Local Charity Boosts Up Creativity to Help More, Do More
Malden's Housing Families and other organizations are running the Boston Marathon to help combat homelessness.
Few sectors of the economy have felt the effects of the recent recession as acutely as charities and nonprofits. Organization managers say contributions have decreased across the board, while the needs of the families they serve continue to increase—sometimes exponentially. To keep offering services and reaching out to the local community in times like these, nonprofits have had to get creative.
That’s exactly what Malden’s Housing Families Inc. is doing.
A non-profit group dedicated to eradicating homelessness in the Greater Boston area, Housing Families offers individualized support programs to families and supporting programs aimed at empowering at-risk youth.
Backed with bids from John Hancock and the Jerry Ridge Foundation, Housing Families hopes to raise $70,000 with runners in the 2011 Boston Marathon, one of their major fund-raising events of the year.
“It's really a huge undertaking,” said Krystle Kelly, development manager at the nonprofit. “It takes our runners so long to work up to this, physically and mentally, and then with the fundraising. If they don't raise enough to match the bids through donations, then they've agreed in writing that the remaining bid amount will be charged to their credit cards. It's an enormous commitment.”
In 2010, Housing Families helped 73 families avoid foreclosure on their homes and offered individualized support and outreach services to more than 400 at-risk kids and their families. This year, their goals are even more ambitious, and their fund-raising efforts have had to follow suit.
The runners in the Boston Marathon may be the torch-bearers of the fundraising efforts for that event, but there are other ways to get involved. Housing Families needs volunteers the day of the marathon to help cheer on the runners.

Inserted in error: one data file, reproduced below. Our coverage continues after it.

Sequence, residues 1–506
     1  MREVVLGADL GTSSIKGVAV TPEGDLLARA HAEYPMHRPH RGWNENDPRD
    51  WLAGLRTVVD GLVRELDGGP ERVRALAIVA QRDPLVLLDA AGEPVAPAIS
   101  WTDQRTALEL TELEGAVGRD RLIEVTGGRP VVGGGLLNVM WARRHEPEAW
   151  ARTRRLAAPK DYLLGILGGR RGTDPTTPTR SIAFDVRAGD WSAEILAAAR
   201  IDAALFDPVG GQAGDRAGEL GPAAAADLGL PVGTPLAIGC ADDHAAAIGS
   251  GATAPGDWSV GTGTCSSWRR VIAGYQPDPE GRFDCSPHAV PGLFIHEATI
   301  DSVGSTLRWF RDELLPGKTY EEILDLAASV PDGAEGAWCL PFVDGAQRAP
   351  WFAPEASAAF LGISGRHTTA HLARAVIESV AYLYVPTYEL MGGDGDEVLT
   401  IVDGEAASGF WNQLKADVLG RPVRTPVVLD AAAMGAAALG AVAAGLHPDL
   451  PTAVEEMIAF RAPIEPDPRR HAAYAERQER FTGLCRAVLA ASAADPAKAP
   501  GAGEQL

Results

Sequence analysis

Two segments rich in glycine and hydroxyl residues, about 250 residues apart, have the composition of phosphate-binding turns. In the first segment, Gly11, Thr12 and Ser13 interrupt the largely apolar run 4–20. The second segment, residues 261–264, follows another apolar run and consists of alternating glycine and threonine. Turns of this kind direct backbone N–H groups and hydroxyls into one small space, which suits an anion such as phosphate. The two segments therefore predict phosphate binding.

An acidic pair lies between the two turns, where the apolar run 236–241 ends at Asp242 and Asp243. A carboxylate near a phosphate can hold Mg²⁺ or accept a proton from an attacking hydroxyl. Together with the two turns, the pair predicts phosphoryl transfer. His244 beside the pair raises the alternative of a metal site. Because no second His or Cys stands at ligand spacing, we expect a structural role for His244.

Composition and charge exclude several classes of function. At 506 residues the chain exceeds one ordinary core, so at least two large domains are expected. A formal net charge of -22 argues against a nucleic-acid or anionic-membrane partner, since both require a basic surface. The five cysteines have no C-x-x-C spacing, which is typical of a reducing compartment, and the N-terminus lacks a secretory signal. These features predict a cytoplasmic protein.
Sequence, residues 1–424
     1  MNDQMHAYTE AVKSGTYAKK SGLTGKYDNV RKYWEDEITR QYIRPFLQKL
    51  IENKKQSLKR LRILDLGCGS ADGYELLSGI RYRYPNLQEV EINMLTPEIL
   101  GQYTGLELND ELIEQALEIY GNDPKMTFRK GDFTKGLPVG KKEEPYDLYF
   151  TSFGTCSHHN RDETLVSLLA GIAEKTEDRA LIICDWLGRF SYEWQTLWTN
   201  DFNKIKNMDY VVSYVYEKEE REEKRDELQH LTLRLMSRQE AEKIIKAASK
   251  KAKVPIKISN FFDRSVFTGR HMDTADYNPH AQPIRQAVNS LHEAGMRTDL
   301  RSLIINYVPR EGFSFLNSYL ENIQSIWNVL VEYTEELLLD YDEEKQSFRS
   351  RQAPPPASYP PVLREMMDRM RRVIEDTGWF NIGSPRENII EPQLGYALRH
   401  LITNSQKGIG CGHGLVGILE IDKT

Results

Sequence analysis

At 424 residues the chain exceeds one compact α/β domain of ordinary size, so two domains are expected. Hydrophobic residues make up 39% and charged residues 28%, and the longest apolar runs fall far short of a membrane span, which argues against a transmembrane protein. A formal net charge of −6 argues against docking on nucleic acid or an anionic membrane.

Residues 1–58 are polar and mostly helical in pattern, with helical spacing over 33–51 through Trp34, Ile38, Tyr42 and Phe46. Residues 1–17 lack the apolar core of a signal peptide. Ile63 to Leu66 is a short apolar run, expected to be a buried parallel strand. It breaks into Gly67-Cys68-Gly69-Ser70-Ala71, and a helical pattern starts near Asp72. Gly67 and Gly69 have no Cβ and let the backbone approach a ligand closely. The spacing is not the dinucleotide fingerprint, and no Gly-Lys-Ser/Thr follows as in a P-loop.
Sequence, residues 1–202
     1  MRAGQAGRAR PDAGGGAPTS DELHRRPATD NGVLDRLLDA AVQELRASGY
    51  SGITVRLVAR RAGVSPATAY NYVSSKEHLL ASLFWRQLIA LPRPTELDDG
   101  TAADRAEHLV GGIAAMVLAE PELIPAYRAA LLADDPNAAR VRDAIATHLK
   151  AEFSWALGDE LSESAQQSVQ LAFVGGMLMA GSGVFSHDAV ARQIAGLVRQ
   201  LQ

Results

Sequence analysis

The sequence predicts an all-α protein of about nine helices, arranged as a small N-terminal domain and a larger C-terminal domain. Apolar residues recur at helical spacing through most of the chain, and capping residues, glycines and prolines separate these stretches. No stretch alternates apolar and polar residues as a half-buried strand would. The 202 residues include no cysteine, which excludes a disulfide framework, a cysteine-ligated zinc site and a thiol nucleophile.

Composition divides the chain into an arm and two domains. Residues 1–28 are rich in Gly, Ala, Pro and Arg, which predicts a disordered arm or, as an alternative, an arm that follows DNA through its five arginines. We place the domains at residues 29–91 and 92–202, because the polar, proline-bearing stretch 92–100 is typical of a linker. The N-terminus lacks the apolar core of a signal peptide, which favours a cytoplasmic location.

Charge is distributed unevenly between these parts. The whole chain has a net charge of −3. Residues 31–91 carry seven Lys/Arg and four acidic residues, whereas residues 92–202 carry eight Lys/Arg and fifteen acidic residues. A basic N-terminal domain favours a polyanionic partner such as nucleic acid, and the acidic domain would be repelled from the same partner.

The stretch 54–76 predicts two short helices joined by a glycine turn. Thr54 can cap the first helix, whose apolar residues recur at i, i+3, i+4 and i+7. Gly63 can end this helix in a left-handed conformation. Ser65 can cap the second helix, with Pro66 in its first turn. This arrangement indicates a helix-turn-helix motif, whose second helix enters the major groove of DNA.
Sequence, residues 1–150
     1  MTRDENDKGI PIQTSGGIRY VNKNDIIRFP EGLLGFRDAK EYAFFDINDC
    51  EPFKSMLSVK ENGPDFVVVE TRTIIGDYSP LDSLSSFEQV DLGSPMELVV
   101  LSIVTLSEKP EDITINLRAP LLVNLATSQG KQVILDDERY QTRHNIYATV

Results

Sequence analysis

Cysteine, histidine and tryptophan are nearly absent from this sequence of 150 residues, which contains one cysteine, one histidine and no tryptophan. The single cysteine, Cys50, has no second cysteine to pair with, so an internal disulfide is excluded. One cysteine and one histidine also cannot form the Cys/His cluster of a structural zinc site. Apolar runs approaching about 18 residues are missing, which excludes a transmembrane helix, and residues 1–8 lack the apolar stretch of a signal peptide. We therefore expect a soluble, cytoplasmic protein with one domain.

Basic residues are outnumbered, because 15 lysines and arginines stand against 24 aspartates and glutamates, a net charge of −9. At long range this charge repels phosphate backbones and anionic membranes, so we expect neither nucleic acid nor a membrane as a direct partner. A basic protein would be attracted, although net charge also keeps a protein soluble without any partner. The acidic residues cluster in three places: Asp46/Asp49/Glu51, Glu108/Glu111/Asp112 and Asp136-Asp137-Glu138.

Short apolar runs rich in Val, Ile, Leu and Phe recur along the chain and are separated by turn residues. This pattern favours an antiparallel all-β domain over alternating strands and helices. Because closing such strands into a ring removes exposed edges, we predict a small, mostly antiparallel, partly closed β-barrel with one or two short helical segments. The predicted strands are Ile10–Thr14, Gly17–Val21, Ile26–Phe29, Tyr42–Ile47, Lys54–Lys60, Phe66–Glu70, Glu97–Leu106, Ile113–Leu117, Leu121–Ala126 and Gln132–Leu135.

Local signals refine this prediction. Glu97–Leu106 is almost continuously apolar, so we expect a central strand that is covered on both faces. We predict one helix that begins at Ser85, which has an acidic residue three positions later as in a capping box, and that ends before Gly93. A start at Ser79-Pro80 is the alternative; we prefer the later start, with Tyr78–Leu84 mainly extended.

“We give our volunteers maps that show where we're going to be standing and cheering on the runners,” Kelly explained. “I had never understood before I volunteered as one of the spectators how important that role is. The spectators are just as important as anybody else because they keep the runners going. It's a great experience.”
The Boston Marathon is one of the main fundraising efforts the organization has planned this year. But the group has seen its efforts increasingly banded together with those of other local area charities and nonprofits. In this way, they can pool resources and be more efficient in meeting the needs of the community.
“There's been a real shift in that direction [with the economy],” Kelly said. The development manager added that the nonprofit frequently works with local social services organizations, food banks such as Bread of Life, and actively refers clients to other local services.
The Malden nonprofits also hold group fundraising events, such as a large dinner-dance just after the holidays. Housing Families also participates in the Rodman Ride for Kids Event, a bicycling event that takes place in September. Just last year, the ride raised more than $8 million for at-risk youth in Massachusetts, which was distributed to agencies and organizations throughout the state.
“We don't all see each other as competition anymore,” Kelly said. “We're all going after the same $20, so why not split it and work together to help as many families as we can?”
To help Housing Families as a volunteer and spectator the day of the Boston Marathon, or donate to runners, contact Krystle Kelly at 781-322-9119, ext.113, or visit the nonprofit’s website at www.housingfamilies.org.